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Time to say ‘no’ to Plastics for growing plants – Part 2

Home / Coconut / Time to say ‘no’ to Plastics for growing plants – Part 2

Let’s continue from where we left in the previous blog.  There have been quite a lot of discussions on the ban of plastics globally with even a few states in India that have banned the use of plastic successfully. Once you’re done with your coconut, simply scrape the inside of the coconut, make one or two holes and use it to place vegetables with shallow roots such as peas or lettuce. The biggest advantage of choosing coconut shells over other materials is that they are freely available. You simply need to have coconut shells, coco peats or potting mix, a spray bottle and of course some seeds, and there you go.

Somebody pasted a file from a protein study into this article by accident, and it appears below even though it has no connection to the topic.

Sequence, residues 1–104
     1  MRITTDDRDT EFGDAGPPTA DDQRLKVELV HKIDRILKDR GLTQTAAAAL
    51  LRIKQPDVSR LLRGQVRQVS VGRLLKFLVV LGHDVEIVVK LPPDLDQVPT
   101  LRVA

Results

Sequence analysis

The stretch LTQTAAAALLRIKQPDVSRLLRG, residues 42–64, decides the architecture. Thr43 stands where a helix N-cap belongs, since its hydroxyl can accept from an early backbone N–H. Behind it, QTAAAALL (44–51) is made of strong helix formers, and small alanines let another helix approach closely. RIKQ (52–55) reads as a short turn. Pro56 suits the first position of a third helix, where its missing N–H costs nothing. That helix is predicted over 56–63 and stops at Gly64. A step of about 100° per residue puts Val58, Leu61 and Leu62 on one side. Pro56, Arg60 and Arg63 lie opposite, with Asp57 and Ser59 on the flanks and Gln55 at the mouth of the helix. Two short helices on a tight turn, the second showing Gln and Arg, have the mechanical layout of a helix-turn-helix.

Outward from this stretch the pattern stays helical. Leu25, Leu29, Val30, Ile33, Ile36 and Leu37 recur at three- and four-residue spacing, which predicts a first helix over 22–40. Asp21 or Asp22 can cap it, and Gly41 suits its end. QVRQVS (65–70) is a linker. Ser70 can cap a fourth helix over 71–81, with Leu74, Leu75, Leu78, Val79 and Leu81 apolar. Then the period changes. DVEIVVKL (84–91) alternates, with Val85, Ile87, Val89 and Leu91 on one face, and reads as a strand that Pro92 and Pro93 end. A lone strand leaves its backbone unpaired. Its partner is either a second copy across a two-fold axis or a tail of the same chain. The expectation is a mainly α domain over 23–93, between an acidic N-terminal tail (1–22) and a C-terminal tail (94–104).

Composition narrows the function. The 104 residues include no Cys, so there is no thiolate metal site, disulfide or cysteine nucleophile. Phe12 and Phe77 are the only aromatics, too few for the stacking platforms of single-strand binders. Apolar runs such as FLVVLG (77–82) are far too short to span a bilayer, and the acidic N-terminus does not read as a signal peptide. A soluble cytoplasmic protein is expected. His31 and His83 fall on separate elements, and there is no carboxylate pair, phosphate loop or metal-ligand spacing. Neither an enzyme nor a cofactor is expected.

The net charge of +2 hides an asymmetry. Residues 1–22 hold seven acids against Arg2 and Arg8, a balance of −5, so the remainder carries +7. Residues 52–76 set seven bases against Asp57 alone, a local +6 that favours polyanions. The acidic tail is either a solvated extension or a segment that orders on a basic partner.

Biodegradable nature of Coconut shells:

The coconut shell potters are characteristic of biodegradability and convert into the organic matter on decomposition.  Made from the husk fibre of the coconut, the coir pot’s texture enables air and water to penetrate rapidly. There isn’t any water logging and the roots don’t rot at all. It supplies essential nutrients including iron, zinc, and copper which are essential for the plant’s growth. Coir pots break up directly into the soil. Therefore, you can simply dig and transplant the full pot straight into the ground or re-pot it using a large-sized container without breaking or tangling the root.

Are there any advantages of planting in coco peat? Yes is the answer, according to many gardening professionals and hobbyists. Let us cover more advantages of planting trees in the coconut shells and see why it is preferred over other materials in the subsequent blog.